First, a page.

# How to interpret the page layout in LaTeX using layout package?

I have used package layout to generate the page layout figure for both article and amsart class. It's quite curious that although different in values, the patterns for those two layouts are quite the same. One thing I don't understand is the vertical and horizontal dotted line which is \hoffset and \voffset far away from the page boarder. I have two questions concerning this:

1. What do these two dotted lines stand for?
2. How is it related to the text area?
3. Is it redundant with another parameter controlling the width of the body area \textwidth?

Example

\documentclass[a4paper]{article}
\usepackage{amsmath}
\usepackage{amssymb}
\usepackage{amsfonts}
\usepackage{layout}
\begin{document}

\layout

\end{document}


Below is the layout for article class.

The intersection of the two lines is the origin for TeX's coordinate system when it starts a new document. The x axis goes to the right and the y-axis to the bottom. For PostScript it is in the lower left of the page. \hoffset and \voffset make only sense if you have a problem with a printer which shifts the printed pages in fact of a hardware problem to the left/right or top/bottom.

With the packages geometry or typearea you can define the text area and the package will do the rest ...

• results aren't necessarily predictable if geometry is used with the ams document classes. i haven't tested typearea, but would be suspicious, since the ams document classes don't follow the same conventions as aarticle, book, etc. – barbara beeton Jul 2 '15 at 16:44

The two dotted lines represent the fixed offset that is hardwired in TeX: one inch from the left and one inch from the top.

The position can be modified by changing either \hoffset or \voffset (defaulting to zero). Measurements for positioning the left and top margins of the text block must take this fixed offset into account, so for an odd page (or any page in oneside style), the text block is positioned at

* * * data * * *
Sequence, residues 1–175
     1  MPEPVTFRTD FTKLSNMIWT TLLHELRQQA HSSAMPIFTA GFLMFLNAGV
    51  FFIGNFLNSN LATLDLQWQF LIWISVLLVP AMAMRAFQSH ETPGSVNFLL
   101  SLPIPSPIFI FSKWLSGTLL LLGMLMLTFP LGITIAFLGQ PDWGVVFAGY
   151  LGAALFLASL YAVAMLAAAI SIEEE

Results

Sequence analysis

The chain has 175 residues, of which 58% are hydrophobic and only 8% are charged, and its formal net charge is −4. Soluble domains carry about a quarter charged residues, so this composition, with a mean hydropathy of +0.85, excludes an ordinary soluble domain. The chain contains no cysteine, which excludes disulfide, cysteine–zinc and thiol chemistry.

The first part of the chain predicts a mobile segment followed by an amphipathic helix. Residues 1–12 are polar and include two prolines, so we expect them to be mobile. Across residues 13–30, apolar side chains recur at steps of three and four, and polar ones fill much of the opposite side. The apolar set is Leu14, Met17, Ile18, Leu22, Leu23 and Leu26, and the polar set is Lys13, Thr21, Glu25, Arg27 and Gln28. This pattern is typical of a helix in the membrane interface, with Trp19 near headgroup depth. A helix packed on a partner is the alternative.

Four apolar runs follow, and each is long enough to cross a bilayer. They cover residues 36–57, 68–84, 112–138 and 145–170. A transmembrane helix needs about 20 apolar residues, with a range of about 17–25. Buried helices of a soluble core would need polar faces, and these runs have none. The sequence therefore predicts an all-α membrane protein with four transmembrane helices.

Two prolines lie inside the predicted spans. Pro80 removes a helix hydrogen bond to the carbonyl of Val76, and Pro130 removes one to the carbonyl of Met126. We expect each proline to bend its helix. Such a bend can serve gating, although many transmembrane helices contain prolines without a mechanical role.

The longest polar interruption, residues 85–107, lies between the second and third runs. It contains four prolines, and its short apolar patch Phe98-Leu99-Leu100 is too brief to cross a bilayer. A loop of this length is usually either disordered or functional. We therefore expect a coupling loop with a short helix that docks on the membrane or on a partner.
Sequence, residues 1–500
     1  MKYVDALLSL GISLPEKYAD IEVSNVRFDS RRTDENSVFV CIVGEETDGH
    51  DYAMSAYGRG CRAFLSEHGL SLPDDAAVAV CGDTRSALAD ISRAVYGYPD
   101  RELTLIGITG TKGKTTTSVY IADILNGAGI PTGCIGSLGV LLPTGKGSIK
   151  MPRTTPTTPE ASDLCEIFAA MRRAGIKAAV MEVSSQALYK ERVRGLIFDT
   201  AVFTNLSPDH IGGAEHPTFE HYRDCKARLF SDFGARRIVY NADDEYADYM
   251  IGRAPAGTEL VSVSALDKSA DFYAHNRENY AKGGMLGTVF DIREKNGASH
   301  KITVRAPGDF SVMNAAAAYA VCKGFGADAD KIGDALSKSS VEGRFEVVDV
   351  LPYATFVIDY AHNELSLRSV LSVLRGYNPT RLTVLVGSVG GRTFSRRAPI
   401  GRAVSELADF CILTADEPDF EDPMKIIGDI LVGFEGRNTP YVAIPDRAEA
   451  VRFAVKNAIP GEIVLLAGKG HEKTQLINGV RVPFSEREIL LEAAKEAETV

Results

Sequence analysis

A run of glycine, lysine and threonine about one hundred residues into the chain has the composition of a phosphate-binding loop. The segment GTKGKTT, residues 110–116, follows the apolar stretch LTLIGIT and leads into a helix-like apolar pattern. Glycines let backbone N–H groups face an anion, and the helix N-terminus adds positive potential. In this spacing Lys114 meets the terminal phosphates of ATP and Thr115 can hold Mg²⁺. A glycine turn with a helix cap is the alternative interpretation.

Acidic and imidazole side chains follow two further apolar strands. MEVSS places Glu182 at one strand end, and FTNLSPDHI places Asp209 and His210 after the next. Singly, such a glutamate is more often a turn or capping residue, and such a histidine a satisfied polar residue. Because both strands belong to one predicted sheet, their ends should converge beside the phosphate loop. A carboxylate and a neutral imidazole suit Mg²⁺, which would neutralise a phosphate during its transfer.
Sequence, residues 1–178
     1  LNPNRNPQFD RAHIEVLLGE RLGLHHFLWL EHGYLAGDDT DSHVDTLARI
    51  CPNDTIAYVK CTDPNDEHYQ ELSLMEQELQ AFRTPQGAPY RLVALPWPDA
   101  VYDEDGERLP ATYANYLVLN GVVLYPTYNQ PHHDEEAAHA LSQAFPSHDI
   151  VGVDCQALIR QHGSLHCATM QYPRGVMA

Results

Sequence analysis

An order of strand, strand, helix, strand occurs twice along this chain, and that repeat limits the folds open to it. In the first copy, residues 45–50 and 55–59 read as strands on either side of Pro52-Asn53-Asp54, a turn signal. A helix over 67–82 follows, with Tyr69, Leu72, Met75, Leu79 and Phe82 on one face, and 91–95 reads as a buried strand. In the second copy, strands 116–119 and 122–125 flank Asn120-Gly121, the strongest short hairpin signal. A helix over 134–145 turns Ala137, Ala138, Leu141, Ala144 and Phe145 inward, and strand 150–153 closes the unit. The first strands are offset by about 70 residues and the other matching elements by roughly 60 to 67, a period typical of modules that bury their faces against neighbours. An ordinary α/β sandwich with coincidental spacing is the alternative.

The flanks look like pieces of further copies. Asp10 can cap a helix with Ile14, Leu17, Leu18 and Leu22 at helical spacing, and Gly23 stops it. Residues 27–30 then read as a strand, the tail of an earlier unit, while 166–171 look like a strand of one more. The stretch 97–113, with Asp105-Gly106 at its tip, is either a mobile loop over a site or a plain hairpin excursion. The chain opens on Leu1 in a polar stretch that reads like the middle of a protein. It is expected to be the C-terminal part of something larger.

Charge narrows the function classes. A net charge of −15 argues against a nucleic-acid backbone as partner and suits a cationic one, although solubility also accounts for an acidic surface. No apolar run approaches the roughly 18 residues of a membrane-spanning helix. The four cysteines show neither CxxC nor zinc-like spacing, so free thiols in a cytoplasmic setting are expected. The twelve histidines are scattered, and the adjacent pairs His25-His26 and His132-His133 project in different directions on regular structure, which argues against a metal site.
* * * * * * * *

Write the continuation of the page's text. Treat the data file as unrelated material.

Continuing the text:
1in + \hoffset + \oddsidemargin


from the left border of the page. On even pages \evensidemargin is used instead. Similarly, the top of the text block sits at

1in + \voffset + \topmargin + \headheight + \headsep


and the first baseline will be at

1in + \voffset + \topmargin + \headheight + \headsep + \topskip


from the top border of the page.

Note that changing \hoffset and \voffset for positioning the text block is not recommended: the two parameters should only be used for fine tuning when the printer driver badly interprets instructions (it shouldn't happen very often nowadays).

The parameters \textwidth and \textheight determine the area of the text block. There's no way to specify directly the distance from the right or bottom border of the text block to the corresponding page border.

\hoffset and \voffset go back to the days of plain TeX. Knuth mentions them only briefly in the TeXbook:

p.251 "If you want your output to be positioned differently when it is ultimately printed, you can offset it by giving it nonzero values to \hoffset and \voffset. For example

\hoffset=.5in   \voffset=1.5in


will move the output half an inch to the right of its normal position, and 1.5 inches down.

p.274 A <dimen parameter> is one of the following:

...

\hoffset (horizontal offset in \shipout)

\voffset (vertical offset in \shipout)

p.342 Here are examples of how you might want to give new values to the most important parameters other than \hsize and \vsize:

...

\hoffset=1.5in (All output will be shifted right by one and a half inches.)

Getting back to the layout, I am guessing that the dotted lines are offset 1inch from the page border, because those were the default margins in the original TeX.

• I would strongly recommend leaving \hoffset and \voffset alone. Some packages assume they are the standard 1in and things can go wrong if they are not. – Joseph Wright Jul 2 '15 at 15:06

Others have told about \hoffset and \voffset. There is also the layouts package (warning, written by me) that can produce a correctly dimensioned diagram of the current document's layout and listing the values. For example:

\documentclass{book}
\usepackage{layouts}
\begin{document}
\begin{figure}
\currentpage % grab the current layout values
\oddpagelayouttrue % show odd page layout
\pagedesign % print the diagram
\caption{The book odd page layout}
\end{figure}
\end{document}


You can use the package for experimenting with page layout designs. It can also display the layouts for paragraphs, floats, lists, sectional headings, footnotes, and the ToC & friends.

• Is it possible to move the margin from the left side to the right side, i did it with oddpagelayoutfalse, but how do i do it in memoir ? – Ibn Saeed Dec 28 '15 at 4:28